Having decided on where, the next issue is how. As in: How do I size up the places I write about?

Before I go any further, let’s start by stating I am well aware of the subjectivity involved in judging anything that involves personal taste — be it food, fashion, music, or movies. If you like your burgers well done I feel sorry for you, but you are not wrong.

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I could argue with you that you’re not experiencing your burger’s inherent juicy, tangy, deep-roasted wonderfulness by eating it one step removed from a piece of desiccated charcoal, but if that’s how you like it, so be it. What I will do is explain that the full flavor of the meat is being shortchanged by a chef who either doesn’t know or care to lift the patty off the grill at the “right” time. In this sense, I am merely reflecting popular wisdom (and perhaps my own prejudices) about when beef tastes best.

But there are standards in cooking and restaurant operation (just as there are in music performance and movie production). All a food critic does is try to hold a restaurant to them.

All a restaurant review does is filter a consumer product through his own prism. A writer should never lose sight his own prejudices, lest the focus of the review become more about him than what is on the plate. I strive to remember this unless, of course, you are dead wrong about liking some shitty Italian restaurant, or gluten-free anything.

As for the standards I try to uphold, the criteria is much different for new v. old.

At an old favorite, I let my guard down and take a lot for granted. All I’m there for is to confirm that the place hasn’t lost its fastball.

A new joint gets the full once-over: from the lighting to the silverware to the taste of the water they pour.

How’s the greeting? Where is the greeting? Is it awkward? Polished? Sure, they might know me, but how are those three ladies right behind me addressed? Does it feel good in there? Do you get a feeling of comfort and warmth when you enter, or something more cool and aloof?

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What about the chairs? The booths? The depth of the seats? Their width? Do you stick to them? Slide off? Does the table wobble? (Iconic old eateries get a pass here; brand new ones, not so much.)

Is the design unique? (Hatsumi) DIY? (Elia Authentic Greek Taverna) Beautiful? (Lamaii, Weera Thai Kitchen) Hackneyed? ( Majordomo) Or does it fit the food? (Rao’s) (BTW: nothing gets graded on steeper curve than decor. Local joints hanging on by a thread get a lot more leeway than Strip hotels who pay millions to come up with the hideous cruise ship look (Lago), or a coffee shop/bus station (the otherwise excellent StripSteak).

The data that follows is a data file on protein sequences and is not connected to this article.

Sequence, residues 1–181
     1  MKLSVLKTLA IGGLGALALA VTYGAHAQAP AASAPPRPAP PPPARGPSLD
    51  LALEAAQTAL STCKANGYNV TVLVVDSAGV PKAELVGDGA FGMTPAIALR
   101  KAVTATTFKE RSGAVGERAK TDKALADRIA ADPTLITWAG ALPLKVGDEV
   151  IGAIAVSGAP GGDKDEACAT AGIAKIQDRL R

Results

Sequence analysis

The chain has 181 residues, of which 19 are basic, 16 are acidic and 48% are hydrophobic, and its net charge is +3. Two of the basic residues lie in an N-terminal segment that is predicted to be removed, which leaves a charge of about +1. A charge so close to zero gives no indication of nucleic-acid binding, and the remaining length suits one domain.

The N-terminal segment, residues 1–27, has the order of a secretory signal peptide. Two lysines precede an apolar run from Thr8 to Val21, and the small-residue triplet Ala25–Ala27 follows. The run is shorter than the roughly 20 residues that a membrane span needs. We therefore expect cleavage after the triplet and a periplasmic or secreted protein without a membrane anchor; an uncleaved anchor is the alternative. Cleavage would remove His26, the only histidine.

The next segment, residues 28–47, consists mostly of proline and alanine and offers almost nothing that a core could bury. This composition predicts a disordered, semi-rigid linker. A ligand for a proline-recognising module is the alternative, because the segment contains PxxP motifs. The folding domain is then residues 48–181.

Is the place too big? (Usually, yes, e.g. Mott 32) Or too small? Or poorly laid out?

Can you hear yourself think? Does the music intrude? How energized is the staff? Are they working in silent, satisfied synchronicity? (They should be.) There is a hum that great restaurants exude — it can be almost silent as in the case of a haute cuisine frog pond, or close to a cacophonous roar in some over-amplified gastropub — but you know it when you hear it, and it means the place is firing on all cylinders. (If you want to hear what I’m talking about, go to Cipriani sometime.)

What about the napkins? (Polyester? Paper? Real cotton?) The plates? How close are the tables? Does the bar serve food? Does it look comfortable doing so? Would a single diner be happy eating there? Did they spend money on the glassware, or do it on the cheap?

How uncomfortable are the bare tables? Are they naked as a design statement? Or because of an impecunious proprietor?

And while we’re at the table, how clean was it when you sat down? Still wet from a wiping? And how long has it been since those place-mats were steam-cleaned?

Does it smell like a restaurant? Or is the ventilation so good you could be in a library?

Is the staff alert? Young? Old? Happy to be there or biding their time until the Culinary Union calls? Snappily dressed or slovenly? (A staff in t-shirts can look sharp; frayed-around-the-edges formal wear is fooling no one.)

Is there an adult in charge? Or are a bunch of 20-somethings aimlessly looking for direction?

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Does that adult help with service? Busing of tables? If a table is in distress, does the manager, or another waiter offer to help, or give you that “it’s not my station, I’ll go find your waiter” look? How fast do the menus arrive? How chatty (too much or not enough) is the waiter?

Can they handle a corkscrew? (You’d be surprised how clueless some waitrons are. This is not their fault. It shows a lack of training, which shows a lack of caring….by management.)

While we’re on the subject: How seamless is the transition from water to cocktails to wine?

Then check out the least sophisticated table in the place. Are they happy? Being treated with respect? Frustrated? Acting intimidated? If the latter, how patient is the staff (or the harried bartender) being with them?

Lastly, and most importantly, is it a passion restaurant or a money restaurant? (Esther’s Kitchen is a passion restaurant; Ada’s – its offshoot – is a money restaurant.)

Then there’s the menu. Easy to read? All over the map? Too descriptive? Minimalist? Too cute? Full of cliches? Tourist friendly or gastronomically challenging? Or a little of both? Can you parse the  the food from the card before you, or will you require the assistance of a soothsayer, shaman, and a polymath’s transliteration to figure it out?

Automatic deductions for roasted beets, salmon, scallops, and chicken breasts. Bonus points for offal, strange birds, good soups and singular focus.

Believe it or not, I process most of this information in about 90 seconds.

I’ve usually filed away the answers in the Rolodex of my mind before the food even arrives.

And then it does and then it’s a whole new ballgame. But you’ll have to wait a week to hear about that process.

This is the first of a two-part article.